Sure. The first thing I guess we can talk about is boring, boring applications. As of now BIG KAISER, we have our digital boring heads, which have Bluetooth capability. You can read the current position of the adjustment from your phone or tablet. But the next iteration of that would be to make that fully automated. So instead of manually adjusting a boring head, you just type it in your phone, just adjust by a couple of thousands, and then it'll just move to that point and lock it in place and then you run it.

Wade Anderson:

Very cool.

Nick Jew:

That is what our next product is. It's our automatic boring head. And with that, there's a whole bunch of different technologies that need to be added. There's so much motor technologies, electronics, battery power too since we don't have it connected to any spindle power. We're using it all isolated in the tool itself. Then there's also the communication. Right now you could connect with your phone or tablet using Bluetooth as I mentioned before, but in the end, in an automated cell you would want to have the control. The machine control kind of do all this commands itself. Measure the-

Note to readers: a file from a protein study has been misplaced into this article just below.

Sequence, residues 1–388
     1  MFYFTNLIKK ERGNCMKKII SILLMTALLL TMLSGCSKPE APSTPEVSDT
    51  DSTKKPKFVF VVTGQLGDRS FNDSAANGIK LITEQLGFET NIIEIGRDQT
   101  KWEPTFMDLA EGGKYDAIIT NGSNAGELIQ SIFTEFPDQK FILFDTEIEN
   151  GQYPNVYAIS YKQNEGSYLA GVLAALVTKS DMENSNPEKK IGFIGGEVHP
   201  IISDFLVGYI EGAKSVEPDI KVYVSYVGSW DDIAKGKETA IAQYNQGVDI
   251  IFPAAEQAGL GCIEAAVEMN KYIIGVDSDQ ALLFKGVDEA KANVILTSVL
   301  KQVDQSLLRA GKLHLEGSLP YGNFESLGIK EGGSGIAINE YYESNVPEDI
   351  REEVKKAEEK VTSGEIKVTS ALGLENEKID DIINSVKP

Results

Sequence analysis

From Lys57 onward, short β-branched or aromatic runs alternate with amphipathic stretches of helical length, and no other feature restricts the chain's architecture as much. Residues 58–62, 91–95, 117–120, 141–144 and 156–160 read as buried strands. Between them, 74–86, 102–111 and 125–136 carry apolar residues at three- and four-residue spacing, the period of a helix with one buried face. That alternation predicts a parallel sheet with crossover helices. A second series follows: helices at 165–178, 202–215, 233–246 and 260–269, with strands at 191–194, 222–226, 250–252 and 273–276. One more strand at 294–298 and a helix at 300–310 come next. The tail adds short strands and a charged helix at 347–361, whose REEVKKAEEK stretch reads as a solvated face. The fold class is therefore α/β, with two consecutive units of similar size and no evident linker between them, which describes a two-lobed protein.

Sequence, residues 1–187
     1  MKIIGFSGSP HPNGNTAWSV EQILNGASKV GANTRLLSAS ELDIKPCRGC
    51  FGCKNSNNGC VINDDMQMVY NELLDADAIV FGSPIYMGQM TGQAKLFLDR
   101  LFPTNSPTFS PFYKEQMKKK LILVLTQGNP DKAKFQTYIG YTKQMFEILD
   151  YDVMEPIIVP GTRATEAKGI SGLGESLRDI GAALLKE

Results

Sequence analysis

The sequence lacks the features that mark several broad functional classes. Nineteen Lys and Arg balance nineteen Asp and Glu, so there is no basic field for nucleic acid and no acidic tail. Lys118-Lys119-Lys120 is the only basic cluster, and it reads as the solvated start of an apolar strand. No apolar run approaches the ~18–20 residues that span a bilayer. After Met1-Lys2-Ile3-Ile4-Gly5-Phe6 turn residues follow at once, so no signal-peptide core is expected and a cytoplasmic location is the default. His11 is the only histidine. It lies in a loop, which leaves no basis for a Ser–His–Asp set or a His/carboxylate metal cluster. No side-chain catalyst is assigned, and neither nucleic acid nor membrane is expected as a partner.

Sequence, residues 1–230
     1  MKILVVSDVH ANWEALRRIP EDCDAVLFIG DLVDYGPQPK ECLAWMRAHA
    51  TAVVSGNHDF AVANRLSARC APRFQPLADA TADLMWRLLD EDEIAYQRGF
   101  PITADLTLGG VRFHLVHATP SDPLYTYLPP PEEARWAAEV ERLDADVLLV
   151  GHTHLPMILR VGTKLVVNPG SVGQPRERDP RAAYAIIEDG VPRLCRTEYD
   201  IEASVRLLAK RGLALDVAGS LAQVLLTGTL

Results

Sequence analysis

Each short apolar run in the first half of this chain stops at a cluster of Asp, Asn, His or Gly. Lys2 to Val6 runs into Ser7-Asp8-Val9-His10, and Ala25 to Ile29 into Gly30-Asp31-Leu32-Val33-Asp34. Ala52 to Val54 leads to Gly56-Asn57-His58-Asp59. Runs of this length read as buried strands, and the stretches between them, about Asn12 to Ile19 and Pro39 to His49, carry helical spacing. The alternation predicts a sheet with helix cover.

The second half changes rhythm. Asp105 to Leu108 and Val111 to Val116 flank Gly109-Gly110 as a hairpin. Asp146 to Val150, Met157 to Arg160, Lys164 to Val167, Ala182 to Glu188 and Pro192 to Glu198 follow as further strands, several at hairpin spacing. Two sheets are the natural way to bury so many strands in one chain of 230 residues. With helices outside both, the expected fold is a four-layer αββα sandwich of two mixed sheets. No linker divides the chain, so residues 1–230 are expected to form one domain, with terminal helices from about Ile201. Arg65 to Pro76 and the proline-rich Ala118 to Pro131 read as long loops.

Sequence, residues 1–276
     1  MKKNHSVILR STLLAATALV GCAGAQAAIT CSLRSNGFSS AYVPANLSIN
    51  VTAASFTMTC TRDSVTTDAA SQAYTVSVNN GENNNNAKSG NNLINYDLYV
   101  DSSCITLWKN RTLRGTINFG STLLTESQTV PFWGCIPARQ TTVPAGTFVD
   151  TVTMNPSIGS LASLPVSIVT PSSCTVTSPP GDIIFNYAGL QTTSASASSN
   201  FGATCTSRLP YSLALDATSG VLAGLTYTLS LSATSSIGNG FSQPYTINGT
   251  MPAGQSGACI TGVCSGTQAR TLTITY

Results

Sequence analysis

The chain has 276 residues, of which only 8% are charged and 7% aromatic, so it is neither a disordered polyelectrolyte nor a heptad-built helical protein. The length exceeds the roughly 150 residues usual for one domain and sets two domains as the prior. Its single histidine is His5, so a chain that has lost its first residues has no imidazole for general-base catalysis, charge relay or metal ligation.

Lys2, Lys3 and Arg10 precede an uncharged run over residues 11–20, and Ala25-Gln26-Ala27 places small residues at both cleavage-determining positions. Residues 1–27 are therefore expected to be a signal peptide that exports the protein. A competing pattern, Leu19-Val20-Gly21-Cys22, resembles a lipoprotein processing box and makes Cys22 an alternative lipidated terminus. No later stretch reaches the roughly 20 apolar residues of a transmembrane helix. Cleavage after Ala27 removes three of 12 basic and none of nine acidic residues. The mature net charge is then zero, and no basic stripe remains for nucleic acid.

Wade Anderson:

The handshaking between the two?

Nick Jew:

Exactly. And like use a touch probe or bore gauge inside the machine to measure your bore, make the head, okay, you need to adjust out by a couple of thousands and then it rebores it and then checks again. If it's qualified, then you move on to the next part. That could be all automated if the boring head is able to make these adjustments automatically.

Wade Anderson:

Okay. Very nice. So I got to see, I think it was probably one of the prototypes, was it EMO? Backing up my memory here.

Jack Burley:

There've been a couple of places.

Wade Anderson:

Right before the EMO before pandemic, I guess we could say. Yeah.